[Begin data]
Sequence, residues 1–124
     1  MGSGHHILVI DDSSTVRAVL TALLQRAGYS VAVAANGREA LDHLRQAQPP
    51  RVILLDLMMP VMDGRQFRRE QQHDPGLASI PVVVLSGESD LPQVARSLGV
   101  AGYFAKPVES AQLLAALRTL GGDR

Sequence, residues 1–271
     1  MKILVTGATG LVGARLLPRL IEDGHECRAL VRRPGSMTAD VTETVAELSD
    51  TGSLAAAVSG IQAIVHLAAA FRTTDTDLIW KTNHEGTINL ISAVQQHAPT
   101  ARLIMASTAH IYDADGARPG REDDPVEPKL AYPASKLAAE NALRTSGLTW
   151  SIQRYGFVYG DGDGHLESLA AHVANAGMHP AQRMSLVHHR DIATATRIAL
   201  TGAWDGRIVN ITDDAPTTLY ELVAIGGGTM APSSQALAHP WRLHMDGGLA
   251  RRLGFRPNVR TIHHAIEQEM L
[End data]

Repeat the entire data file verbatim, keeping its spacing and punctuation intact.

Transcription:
Sequence, residues 1–124
     1  MGSGHHILVI DDSSTVRAVL TALLQRAGYS VAVAANGREA LDHLRQAQPP
    51  RVILLDLMMP VMDGRQFRRE QQHDPGLASI PVVVLSGESD LPQVARSLGV
   101  AGYFAKPVES AQLLAALRTL GGDR

Sequence, residues 1–271
     1  MKILVTGATG LVGARLLPRL IEDGHECRAL VRRPGSMTAD VTETVAELSD
    51  TGSLAAAVSG IQAIVHLAAA FRTTDTDLIW KTNHEGTINL ISAVQQHAPT
   101  ARLIMASTAH IYDADGARPG REDDPVEPKL AYPASKLAAE NALRTSGLTW
   151  SIQRYGFVYG DGDGHLESLA AHVANAGMHP AQRMSLVHHR DIATATRIAL
   201  TGAWDGRIVN ITDDAPTTLY ELVAIGGGTM APSSQALAHP WRLHMDGGLA
   251  RRLGFRPNVR TIHHAIEQEM L